Farmers who manage to refine their raw materials before they sell them, will often get a better price. Flower is more worth than grain, cooking oil more than the plants it is pressed from, yoghurt, cheese and milk that is pasteurized and homogenized is worth more than untreated milk.

A single farmer may stand for this refinement. But often several farmers see advantages in joining together into a cooperative in which costs may be shared and the refining process be made more efficient and professional.

Many farmers have problems selling their products outside the local market. The cost of transporting and selling goods at far-off markets are too great to be profitable for a individual farmer. Bulk purchasers rarely take the trouble to pick up the small quantities that poor farmers can put up for sale. But in this area as well it may pay off to cooperate.

By cooperating, the farmers gain a stronger position when selling their wares. When several farmers cooperate, they have larger quantities to sell and are of greater interest to bulk purchasers. So, they may get a better price. Larger quantities also reduce the cost of transport and sale.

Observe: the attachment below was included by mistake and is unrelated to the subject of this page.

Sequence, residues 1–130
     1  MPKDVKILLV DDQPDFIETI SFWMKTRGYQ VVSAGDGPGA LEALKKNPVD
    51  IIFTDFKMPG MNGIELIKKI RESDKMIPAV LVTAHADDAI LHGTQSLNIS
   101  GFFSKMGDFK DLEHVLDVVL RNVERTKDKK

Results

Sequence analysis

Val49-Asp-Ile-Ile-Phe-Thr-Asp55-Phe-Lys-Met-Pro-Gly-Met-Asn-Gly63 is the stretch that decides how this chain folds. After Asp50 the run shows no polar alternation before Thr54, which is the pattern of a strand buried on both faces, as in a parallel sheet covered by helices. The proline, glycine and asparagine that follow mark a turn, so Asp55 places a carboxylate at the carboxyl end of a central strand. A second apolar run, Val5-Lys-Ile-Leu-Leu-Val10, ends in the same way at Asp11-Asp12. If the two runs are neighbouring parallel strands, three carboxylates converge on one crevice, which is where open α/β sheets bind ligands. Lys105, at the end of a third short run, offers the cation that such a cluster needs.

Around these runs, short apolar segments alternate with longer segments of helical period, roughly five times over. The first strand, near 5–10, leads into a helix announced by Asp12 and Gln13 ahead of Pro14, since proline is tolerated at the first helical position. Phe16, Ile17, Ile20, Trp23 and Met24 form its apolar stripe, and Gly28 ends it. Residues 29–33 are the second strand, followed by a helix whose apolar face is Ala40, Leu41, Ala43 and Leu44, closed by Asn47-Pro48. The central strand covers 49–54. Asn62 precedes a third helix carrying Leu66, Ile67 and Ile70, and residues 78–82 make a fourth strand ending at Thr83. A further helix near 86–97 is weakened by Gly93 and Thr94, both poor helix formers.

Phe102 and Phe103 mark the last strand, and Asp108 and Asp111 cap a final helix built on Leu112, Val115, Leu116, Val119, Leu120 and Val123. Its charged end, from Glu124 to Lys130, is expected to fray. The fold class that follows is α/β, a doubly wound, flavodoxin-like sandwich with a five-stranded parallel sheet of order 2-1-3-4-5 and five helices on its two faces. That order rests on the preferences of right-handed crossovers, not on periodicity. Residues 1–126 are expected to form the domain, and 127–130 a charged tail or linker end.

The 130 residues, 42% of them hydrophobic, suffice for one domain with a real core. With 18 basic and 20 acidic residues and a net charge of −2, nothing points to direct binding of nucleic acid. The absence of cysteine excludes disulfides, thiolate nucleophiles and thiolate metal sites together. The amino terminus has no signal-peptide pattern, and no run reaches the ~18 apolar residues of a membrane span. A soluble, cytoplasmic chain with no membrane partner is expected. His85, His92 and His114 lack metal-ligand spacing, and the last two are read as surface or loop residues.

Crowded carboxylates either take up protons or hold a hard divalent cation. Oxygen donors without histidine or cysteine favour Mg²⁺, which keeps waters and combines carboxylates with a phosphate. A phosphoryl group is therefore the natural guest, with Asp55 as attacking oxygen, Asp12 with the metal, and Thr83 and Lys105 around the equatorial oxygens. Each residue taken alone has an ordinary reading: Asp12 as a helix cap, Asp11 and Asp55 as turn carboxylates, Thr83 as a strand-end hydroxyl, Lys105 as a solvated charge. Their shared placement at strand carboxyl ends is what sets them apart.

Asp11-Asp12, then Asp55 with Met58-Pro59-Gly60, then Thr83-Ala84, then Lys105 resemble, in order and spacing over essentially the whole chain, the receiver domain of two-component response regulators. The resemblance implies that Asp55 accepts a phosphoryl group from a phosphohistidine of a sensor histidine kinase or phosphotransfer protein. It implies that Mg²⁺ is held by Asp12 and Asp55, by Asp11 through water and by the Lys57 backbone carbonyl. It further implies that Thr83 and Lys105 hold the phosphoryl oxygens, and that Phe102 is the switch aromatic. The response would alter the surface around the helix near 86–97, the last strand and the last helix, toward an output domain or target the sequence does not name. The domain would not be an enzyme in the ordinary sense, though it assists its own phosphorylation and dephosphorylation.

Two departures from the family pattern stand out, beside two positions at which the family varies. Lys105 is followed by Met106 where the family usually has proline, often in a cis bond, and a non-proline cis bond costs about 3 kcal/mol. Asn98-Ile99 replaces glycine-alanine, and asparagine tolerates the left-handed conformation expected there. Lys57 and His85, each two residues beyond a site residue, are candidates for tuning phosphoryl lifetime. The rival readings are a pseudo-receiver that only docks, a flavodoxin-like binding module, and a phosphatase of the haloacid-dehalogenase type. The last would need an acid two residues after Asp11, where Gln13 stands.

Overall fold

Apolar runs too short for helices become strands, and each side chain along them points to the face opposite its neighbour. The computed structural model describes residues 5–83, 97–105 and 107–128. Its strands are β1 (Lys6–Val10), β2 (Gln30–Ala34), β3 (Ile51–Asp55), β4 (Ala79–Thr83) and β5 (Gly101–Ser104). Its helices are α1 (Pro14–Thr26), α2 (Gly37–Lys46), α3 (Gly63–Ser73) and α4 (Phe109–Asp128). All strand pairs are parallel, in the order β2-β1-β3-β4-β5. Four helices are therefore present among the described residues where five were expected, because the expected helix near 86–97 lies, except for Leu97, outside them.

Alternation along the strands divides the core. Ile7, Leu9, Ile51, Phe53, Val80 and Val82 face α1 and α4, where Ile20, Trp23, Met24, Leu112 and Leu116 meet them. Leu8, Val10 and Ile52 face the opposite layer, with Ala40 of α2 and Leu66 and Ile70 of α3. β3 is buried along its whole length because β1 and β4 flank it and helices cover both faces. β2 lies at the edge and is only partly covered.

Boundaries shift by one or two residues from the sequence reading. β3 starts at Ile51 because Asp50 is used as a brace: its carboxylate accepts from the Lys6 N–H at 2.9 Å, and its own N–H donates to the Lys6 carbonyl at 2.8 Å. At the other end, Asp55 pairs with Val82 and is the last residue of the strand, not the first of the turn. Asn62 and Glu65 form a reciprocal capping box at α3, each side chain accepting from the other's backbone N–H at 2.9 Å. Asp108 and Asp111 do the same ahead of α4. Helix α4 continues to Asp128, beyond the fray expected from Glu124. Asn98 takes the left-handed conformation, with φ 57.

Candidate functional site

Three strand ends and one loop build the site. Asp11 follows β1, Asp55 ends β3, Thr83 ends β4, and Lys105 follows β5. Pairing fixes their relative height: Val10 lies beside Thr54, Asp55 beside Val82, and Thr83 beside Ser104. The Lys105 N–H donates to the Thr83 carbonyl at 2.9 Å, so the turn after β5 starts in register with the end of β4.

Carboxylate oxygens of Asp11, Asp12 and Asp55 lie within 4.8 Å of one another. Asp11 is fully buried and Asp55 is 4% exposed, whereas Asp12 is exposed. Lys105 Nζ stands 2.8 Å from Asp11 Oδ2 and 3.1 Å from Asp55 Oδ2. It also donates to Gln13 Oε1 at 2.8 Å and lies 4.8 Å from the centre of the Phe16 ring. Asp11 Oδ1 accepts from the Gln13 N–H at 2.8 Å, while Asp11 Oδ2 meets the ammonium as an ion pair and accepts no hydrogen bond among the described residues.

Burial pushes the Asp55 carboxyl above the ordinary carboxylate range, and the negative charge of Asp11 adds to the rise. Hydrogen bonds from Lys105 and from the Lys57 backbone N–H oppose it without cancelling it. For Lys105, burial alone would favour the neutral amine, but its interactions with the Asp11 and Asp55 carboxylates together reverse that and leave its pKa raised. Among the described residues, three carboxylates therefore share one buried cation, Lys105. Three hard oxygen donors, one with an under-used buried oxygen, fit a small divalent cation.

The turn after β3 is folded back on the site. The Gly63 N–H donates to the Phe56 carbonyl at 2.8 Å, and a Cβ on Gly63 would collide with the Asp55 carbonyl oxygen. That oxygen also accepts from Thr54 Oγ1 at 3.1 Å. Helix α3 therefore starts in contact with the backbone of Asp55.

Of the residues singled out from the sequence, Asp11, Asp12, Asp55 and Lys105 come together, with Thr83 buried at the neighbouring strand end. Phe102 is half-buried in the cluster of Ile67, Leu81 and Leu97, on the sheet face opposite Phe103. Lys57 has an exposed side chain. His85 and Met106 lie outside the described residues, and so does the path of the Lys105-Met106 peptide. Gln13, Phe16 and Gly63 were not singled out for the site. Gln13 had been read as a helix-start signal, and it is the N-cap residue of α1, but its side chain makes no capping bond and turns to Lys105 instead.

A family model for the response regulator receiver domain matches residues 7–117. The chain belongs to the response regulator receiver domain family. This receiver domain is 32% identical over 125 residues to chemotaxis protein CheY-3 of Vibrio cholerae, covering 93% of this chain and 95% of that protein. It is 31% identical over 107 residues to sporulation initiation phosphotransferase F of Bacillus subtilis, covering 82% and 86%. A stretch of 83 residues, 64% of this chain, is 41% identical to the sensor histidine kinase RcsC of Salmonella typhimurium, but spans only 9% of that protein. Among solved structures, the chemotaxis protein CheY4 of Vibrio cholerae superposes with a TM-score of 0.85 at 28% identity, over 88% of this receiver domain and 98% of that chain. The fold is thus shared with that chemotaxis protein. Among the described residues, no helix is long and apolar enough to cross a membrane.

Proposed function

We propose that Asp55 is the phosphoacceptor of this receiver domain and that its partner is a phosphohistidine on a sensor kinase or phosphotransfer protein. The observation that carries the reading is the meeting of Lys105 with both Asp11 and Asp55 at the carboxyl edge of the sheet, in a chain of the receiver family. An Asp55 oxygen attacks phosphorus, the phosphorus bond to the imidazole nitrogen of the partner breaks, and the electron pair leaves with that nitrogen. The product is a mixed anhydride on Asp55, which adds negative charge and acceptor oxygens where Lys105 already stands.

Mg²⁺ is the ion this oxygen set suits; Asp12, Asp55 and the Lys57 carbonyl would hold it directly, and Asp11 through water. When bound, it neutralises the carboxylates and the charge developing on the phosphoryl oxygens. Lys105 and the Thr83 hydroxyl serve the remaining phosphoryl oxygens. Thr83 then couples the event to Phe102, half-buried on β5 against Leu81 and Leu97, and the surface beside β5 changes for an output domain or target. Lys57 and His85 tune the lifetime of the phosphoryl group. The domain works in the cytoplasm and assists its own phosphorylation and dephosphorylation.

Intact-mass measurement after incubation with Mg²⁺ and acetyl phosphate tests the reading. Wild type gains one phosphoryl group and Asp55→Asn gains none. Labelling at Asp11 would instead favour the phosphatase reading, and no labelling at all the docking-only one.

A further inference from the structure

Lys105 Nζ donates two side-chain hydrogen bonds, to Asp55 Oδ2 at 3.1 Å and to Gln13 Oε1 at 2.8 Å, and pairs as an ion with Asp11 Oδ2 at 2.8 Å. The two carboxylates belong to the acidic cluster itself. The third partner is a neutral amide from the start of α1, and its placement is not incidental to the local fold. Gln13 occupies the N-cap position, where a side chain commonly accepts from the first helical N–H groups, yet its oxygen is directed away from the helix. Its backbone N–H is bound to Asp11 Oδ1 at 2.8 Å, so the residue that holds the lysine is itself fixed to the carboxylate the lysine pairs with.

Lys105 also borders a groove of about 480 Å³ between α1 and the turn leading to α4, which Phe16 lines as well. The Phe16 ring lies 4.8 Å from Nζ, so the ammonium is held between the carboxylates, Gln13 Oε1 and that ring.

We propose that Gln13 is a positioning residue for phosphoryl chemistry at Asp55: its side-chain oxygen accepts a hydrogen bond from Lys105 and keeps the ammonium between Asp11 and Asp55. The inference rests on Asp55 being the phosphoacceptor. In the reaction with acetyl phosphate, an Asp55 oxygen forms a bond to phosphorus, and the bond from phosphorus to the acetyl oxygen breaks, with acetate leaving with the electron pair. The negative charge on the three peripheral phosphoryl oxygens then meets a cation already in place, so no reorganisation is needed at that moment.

Cooperatives are found in many forms. In some cases they consist only of a few farmers in a village who cooperate about selling their goods in the closest town. In other cases they may be unions of thousands of coffee farmers, who refine the coffee and sell it on the international market. Regardless of size, some of the benefits are the same. Participating in a cooperative is often the best opportunity for poor farmers to get better prices for their products and greater profits from refining raw materials.